Healthcare News & Insights

Researchers pay settlement for ‘misusing’ donated DNA

A dispute between medical researchers and an Indian tribe that agreed to have members donate DNA for study could have a significant impact on future research and what constitutes informed consent.

The dispute is part culture clash, part confusion over how to balance on the constantly expanding boundaries of medical science.

It all started several years ago, after the Havasupai tribe approached the medical community looking for answers to the tribe’s extremely high rates of diabetes. Researchers from Arizona State University agreed to look into it, thinking they might find a genetic marker that had been identified in another tribe with high rates of diabetes. The Havasupai live in one of the most remote towns in the U.S., at the very bottom of the Grand Canyon.

The diabetes research soon ended in a dead end. But a few years later, other researchers used the frozen DNA samples and new technology to investigate other medical issues.When the tribe found out about the other research (after the fact) they filed a complaint with the university.

Science vs. mythology

The Havasupai had signed a broadly worded consent form to allow the blood samples to be used to study “behavioral/medical disorders.” The original researcher said the wording was deliberately simple to make it easy to understand for the tribe members who are generally poorly educated and speak English as a second language.

The tribe claims members never would’ve given consent to some of the other research uses, especially research that disputes the tribe’s own origin myths — which could conceivably undermine their claims to the land they live on.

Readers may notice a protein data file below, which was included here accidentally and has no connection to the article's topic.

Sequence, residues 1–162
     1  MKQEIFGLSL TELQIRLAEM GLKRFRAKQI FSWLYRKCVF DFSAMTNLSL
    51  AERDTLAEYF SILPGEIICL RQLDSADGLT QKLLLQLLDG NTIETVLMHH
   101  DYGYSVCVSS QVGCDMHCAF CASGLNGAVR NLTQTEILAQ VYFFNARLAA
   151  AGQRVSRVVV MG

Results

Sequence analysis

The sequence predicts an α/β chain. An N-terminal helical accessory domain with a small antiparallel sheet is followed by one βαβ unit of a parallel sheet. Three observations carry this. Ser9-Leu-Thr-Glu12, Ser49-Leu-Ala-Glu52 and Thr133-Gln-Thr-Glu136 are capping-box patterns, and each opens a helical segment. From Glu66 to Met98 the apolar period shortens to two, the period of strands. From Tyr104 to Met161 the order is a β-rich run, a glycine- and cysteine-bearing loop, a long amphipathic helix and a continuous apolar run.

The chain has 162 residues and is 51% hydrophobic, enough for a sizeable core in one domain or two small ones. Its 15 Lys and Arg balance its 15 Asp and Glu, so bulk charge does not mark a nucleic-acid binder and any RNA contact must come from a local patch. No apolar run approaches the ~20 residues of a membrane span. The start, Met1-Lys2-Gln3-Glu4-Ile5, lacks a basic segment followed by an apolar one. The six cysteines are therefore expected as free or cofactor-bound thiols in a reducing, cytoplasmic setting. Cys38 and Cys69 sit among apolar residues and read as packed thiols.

Eventually, the University agreed to return the remaining blood samples, pay $700,000 to 41 tribe members who donated blood and provide other assistance, including scholarships and funds for a new health clinic.

Few would argue the scientists involved had malicious intent. But the case highlights a growing cause for concern in the research community.

Most medical practitioners see informed consent as notifying patients against potential physical risks (side effects, delayed treatment, unforeseen injury, etc.). But as science expands and is able to learn more from DNA and other tissues, the emotional stakes for patients get higher — and it’s hard to draft an informed consent clause that covers those risks.

Researchers face other ethical dilemmas when it comes to using older donated tissue: Tests that didn’t exist at the time may not fall under the consent previously given by the patient/donor. And tracking donors down to get additional consent is a time-consuming and largely ineffective task. Scientists say more stringent standards would serve only to halt much new research.

Where should the line be drawn on using donated samples for continuing research? Share your thoughts in the comments.

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